A Different Type of Classroom Management: Restorative Practices

It’s January 1st, the day of new starts, fresh starts and second chances. I’d like to talk about a book that I just finished reading called Better than Carrots or Sticks: Restorative Practices for Positive Classroom Management. The authors are Dominique Smith, Douglas Fisher and Nancy Frey. It’s a little book, just barely 150 pages with lots of white spaces and pictures and graphs, but the ideas it contains are enormous! It’s a book that makes me regret even more that I’m no longer in my lycée confronted with challenging students that I could try these ideas out on. In some ways, I was already travelling along this road when I was teaching, but blindly, not really understanding why some things worked and some didn’t.

I discovered the book through a quote on Facebook that intrigued me, which led to looking up the source. I ordered the book to find out what restorative practices are. As soon as I had read the forward I realized that they are the answer to the conundrum set by Alfie Kohn. I love everything that Kohn has written and agree with his logical explanations of why rewards and punishment don’t work, but had difficulty imagining alternatives in the real world of real classrooms with real students. Here, in just a few pages and with multiple case studies is the answer.

I’m not sure how to go about convincing you that this is a must read. There is nothing fancy about the packaging and I can’t even say that it’s particularly well-written. But there is so much wisdom packed into this little book, that I thought of posting and discussing a single quote every day for a month (or longer). But I didn’t want to drag things out or make people think that they didn’t need to read the book themselves.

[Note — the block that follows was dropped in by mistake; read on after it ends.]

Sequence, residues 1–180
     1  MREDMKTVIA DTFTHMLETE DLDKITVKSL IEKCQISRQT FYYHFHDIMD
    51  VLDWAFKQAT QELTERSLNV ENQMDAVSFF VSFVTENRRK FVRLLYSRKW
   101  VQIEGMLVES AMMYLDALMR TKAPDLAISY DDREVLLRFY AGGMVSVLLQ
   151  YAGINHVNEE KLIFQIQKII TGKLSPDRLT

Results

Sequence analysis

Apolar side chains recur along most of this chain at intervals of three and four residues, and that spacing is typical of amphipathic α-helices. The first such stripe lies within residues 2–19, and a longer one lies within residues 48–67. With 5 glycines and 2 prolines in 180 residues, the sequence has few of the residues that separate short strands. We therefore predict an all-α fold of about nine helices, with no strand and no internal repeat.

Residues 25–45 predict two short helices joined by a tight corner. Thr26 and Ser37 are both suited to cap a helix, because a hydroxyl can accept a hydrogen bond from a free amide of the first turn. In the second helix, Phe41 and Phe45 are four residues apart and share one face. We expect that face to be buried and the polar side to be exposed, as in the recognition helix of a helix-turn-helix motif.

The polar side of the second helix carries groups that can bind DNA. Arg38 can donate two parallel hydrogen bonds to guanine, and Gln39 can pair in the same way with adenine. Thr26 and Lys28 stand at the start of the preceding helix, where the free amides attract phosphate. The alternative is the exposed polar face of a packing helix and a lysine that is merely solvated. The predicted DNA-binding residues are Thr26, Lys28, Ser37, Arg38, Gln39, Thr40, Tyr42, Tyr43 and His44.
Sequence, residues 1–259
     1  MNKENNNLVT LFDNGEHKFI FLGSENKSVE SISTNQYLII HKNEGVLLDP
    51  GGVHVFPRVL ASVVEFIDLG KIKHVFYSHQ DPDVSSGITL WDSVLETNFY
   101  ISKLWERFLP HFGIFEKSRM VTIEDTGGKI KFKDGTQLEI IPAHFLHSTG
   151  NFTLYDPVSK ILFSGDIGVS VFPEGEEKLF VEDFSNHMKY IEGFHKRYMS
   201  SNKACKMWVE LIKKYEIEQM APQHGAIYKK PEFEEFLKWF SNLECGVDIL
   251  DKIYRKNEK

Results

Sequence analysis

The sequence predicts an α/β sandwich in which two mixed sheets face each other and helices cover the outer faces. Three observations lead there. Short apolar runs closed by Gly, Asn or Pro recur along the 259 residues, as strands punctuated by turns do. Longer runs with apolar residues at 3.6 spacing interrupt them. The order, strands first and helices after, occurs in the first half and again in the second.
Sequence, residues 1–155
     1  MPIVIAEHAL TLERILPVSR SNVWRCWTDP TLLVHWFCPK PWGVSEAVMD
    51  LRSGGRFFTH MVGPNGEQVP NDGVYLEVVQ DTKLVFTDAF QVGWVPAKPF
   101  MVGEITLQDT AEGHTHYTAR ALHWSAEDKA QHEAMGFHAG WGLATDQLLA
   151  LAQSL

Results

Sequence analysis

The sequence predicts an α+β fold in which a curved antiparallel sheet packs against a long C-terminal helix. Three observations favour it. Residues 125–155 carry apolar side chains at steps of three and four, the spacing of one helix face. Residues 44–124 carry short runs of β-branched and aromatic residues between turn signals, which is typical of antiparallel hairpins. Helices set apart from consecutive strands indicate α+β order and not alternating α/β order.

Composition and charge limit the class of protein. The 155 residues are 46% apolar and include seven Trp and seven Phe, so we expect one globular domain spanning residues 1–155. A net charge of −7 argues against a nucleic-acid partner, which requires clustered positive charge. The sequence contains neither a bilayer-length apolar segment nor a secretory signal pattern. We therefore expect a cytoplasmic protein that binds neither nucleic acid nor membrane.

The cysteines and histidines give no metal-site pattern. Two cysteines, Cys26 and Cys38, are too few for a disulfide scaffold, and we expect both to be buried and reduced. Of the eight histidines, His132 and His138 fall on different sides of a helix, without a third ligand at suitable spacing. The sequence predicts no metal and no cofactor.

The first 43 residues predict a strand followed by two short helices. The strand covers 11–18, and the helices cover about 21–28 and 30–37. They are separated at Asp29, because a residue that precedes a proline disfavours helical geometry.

Perhaps I should begin by defining restorative practices. When I googled the term I found that Restorative Practices are being used in Nepal to heal the wounds of a civil war. Basically, the focus is on relationships rather than rules.

Whereas traditional discipline focuses on the violation of rules, restorative practices focus on the violation of people and relationships. In every classroom, relationships among individuals are either facilitating students’ learning or preventing it. Restorative practices are built on the positive relationships that adults foster with students and with each other in schools. When students care about the relationships they have with others, they work to keep those relationships healthy and to repair any damage to them.


What does that mean? When a student misbehaves, we consider that he has made a mistake, and we give him a chance to correct his error. Instead of asking which rule has been broken and what are the expected consequences, we ask who has been harmed. If no one has been harmed, there is no problem. If someone has been harmed, we have an offender and a victim. The victim must be allowed to express himself, explaining to the offender what he felt, and the offender must be given a chance to show remorse and make amends.